To address this systemic issue we need to reframe both the experimental and theoretical practice. If an experiment fails to give repeatable results, we need to work to unveil the statistical nature of the results especially for complex, high consequence systems. Theoretical models need to have the same properties more mindfully rather than producing the variability by happenstance (when mean field models produce variability almost serendipitously). Computational simulations follow the theory by construction and great benefits to our knowledge and understanding by more structurally and mindfully building in the variability to the theory. Failure to address this issuesystematically is an ever-growing limit for science. We have a major scientific gap open in front of us and we are failing to acknowledge and attack it with our scientific tools. It is simply ignored almost by fiat. Changing our perspective would make a huge difference in experimental and theoretical science, and remove our collective heads from the sand about this matter.
Nothing in life is to be feared, it is only to be understood. Now is the time to understand more, so that we may fear less.
― Marie Curie
At a deeper and more fundamental level the whole exploration of the true uncertainty is the search for the understanding. We seek to define our level of precision for the modeling of something by systematically examining the levels of certainty (by proxy of studying uncertainty). We need to understand the quality of our knowledge, and a complete survey of uncertainty is a path to this end. For computational modeling there are three broad categories for the uncertainty, the model itself, the model’s numerical solution, and the experimental fidelity used to grant confidence to the model. Each of these uncertainties can in turn be broken down into more detailed pieces. For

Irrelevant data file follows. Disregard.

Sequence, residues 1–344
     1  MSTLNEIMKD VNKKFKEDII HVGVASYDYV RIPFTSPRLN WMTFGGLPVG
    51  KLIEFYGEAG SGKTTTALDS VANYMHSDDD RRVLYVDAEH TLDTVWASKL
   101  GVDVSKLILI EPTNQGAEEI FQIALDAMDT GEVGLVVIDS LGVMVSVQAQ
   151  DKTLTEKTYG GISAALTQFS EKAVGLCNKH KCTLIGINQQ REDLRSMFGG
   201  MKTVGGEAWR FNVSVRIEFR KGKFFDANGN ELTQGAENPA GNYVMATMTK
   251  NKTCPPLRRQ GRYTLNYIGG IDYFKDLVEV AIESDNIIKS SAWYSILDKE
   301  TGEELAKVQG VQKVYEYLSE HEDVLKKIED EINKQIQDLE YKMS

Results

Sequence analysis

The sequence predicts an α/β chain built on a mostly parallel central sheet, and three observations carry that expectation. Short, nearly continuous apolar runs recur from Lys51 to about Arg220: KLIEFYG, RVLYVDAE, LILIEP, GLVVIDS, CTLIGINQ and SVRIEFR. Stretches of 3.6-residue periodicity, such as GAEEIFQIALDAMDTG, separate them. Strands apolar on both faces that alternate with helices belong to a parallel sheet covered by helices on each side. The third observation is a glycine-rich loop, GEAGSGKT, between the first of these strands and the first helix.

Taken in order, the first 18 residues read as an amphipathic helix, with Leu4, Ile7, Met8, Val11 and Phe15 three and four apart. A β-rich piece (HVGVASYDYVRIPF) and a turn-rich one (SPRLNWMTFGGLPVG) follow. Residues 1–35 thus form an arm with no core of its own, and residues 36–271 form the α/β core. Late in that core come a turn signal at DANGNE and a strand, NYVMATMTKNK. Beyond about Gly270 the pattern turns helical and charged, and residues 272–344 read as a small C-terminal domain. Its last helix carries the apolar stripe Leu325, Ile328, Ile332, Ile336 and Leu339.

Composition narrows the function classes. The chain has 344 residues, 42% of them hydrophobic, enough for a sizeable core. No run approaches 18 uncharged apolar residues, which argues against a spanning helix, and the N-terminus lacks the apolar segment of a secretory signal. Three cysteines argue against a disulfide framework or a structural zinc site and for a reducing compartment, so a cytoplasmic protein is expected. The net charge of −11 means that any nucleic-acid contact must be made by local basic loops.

example we must compare to the model itself rather than the error in the solution of the model. It is important to choose some structure for the uncertainty and commit to an estimate of all portions of the structure. One should never take a zero magnitude for the uncertainty of any structural element by ignoring it.
Any fool can know. The point is to understand.
― Albert Einstein
One of the clearest ways to undermine this quest for understanding the boundaries of our knowledge is ignoring a key uncertainty. There are several usual suspects for the willful uncertainty ignorance. Probably the most common uncertainty to be willfully ignorant of is numerical error. The key numerical error is discretization error that arises from the need to make a continuous problem, discrete and computable. The basic premise of computing is that more discrete degrees of freedom should produce a more accurate answer. Through examining the rate that this happens, the magnitude of the error can be estimated. Other estimates can be had though making some assumptions about the solution and relating the error the nature of the solution (like the magnitude of estimated derivatives). Other generally smaller numerical errors arise from solving systems of equations to a specified tolerance, parallel consistency error and round-off error. In most circumstances these are much smaller than discretization error, but are still non-zero.
Experimental observations are only experience carefully planned in advance, and designed to form a secure basis of new knowledge.
― Sir Ronald Fisher
A second category of uncertainty that is highly prone to being ignored is the experimental variability. Often this is the direct consequence of only doing a single experiment. Rather then know the physics of the problem well enough to make the conclusion that the experiment will be highly variable, this is ignored and we will endeavor to model the single experiment as a unique well-determined event. The result of this set of unjustified assumptions is wholesale ignorance of systematic and irreducible uncertainty. This is truly scientific malpractice. Addressing this shortcoming should be the focus of significant effort experimentally, as well as in modeling and its numerical solution. It is a very large and largely unaddressed issue in science.